Dear Tanta Golda,
At our Simchat Torah celebration last week we unrolled the whole Torah. We had to go around our modest sanctuary two and a half times to do this! This got me to wondering - how long is a Torah scroll?
My wonderful Wondering one,
What an interesting question! And, as it turns out, not as easy to answer as you might think!
Initially Tanta Golda thought, “Surely, this will be easy to find in the age of the Internet.” Oy. Three of my sources gave very definitive sounding answers. All different! How definitive is that?
The best answer I can give you is: somewhere between 112 and 148 feet.
A lot has to do with the sofer, the Torah scribe who handwrites a particular scroll, and the type of script they use. Just like the fonts on your computer, different Torah scripts fill the space on the parchment differently.
Maimonides - also known as Rambam (1135-1204) laid out what he felt should be the standard dimensions for a Torah scroll: The entire scroll should be six handbreadths (= 24 inches) tall. The length of a page should be 17 fingers (a finger equalling about one inch.) The scroll that he wrote was 1366 fingers long, or about 112 feet. Some sofer follow these measurements, but it is not halacha (law) and it would seem there are no required measurements.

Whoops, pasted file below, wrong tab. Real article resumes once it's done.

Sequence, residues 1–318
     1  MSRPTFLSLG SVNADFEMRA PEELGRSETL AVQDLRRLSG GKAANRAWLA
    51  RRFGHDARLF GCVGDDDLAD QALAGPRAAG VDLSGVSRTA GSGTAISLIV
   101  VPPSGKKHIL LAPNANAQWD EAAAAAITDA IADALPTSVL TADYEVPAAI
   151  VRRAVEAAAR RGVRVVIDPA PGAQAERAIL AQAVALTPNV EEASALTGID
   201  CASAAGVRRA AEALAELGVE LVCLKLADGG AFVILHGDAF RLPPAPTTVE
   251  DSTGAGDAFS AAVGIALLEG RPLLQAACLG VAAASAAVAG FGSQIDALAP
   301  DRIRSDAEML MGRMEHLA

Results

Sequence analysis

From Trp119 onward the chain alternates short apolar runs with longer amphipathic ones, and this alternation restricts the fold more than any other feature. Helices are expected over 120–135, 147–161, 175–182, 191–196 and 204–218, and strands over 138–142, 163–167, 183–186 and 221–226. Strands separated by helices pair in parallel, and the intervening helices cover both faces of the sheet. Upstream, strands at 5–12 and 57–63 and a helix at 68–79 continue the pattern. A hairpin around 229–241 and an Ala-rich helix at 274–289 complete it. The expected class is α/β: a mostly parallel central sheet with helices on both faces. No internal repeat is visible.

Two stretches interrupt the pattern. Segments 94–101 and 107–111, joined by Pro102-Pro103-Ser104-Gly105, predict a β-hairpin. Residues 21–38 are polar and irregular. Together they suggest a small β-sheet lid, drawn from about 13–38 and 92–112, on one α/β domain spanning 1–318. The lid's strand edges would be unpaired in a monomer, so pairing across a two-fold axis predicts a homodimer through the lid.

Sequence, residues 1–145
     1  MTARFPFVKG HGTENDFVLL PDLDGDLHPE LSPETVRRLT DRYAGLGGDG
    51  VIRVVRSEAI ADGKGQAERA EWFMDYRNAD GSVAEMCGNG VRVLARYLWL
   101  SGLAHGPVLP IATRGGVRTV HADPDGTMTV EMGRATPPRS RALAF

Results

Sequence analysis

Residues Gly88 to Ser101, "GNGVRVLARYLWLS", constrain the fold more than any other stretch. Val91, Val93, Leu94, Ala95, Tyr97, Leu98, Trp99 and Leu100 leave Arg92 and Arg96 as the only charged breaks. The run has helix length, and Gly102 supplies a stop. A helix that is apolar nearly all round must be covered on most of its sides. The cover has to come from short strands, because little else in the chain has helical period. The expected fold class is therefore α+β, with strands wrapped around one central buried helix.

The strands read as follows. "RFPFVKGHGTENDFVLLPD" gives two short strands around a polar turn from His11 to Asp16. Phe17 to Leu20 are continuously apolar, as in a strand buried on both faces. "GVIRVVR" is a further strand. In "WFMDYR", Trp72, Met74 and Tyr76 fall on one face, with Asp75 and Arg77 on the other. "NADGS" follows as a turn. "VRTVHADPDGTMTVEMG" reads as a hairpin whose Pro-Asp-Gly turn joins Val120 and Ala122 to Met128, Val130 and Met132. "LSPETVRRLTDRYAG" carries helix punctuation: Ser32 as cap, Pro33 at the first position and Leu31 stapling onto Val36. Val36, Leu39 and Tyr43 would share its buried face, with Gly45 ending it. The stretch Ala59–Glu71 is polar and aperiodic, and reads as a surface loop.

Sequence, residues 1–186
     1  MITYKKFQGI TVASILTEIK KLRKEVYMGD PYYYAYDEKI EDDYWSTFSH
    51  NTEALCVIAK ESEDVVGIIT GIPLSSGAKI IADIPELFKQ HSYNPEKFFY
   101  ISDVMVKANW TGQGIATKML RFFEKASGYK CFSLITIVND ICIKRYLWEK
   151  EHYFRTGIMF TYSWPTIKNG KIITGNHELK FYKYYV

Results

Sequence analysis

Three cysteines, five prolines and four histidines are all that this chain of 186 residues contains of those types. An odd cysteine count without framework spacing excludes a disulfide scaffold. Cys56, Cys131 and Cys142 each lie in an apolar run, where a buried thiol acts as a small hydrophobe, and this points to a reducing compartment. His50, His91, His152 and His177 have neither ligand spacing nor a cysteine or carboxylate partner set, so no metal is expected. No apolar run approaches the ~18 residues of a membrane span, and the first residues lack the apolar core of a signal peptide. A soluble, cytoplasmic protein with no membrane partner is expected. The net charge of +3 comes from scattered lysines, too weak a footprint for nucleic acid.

A typical Torah scroll is made up of 62-84 sheets of parchment made from the skin of any kosher animal (except fish, apparently no amount of curing can get the smell out!) Most (Ashkenazi) Torah scrolls contain 42 lines per sheet - Yemenite Jews use 50. Each scroll contains exactly 304,805 letters - each written with precision, by hand, with a feather quill. A special quill is used specifically to write G-d’s four letter name. If an error is made, it can be “erased” with a knife or pumice stone, unless it is any of the names of G-d. If one of these is miswritten the entire sheet of parchment must either be buried or stored in a special kosher storage area. The sheets are sewn together with sinew (tendon or ligament) from a kosher animal. It usually takes close to a year to write a scroll.
According to one of Tanta Golda’s sources, most Torah scrolls are about two feet tall and weigh 20-25 pounds.
I’m sorry Wondering that I can’t be more exact. The next time your Temple’s Torah is re-scrolled you should ask someone to measure the length of a sheet and count how many sheets were used to make your scroll!
May you find joy in your continued Torah studies!
Love as always, Tanta Golda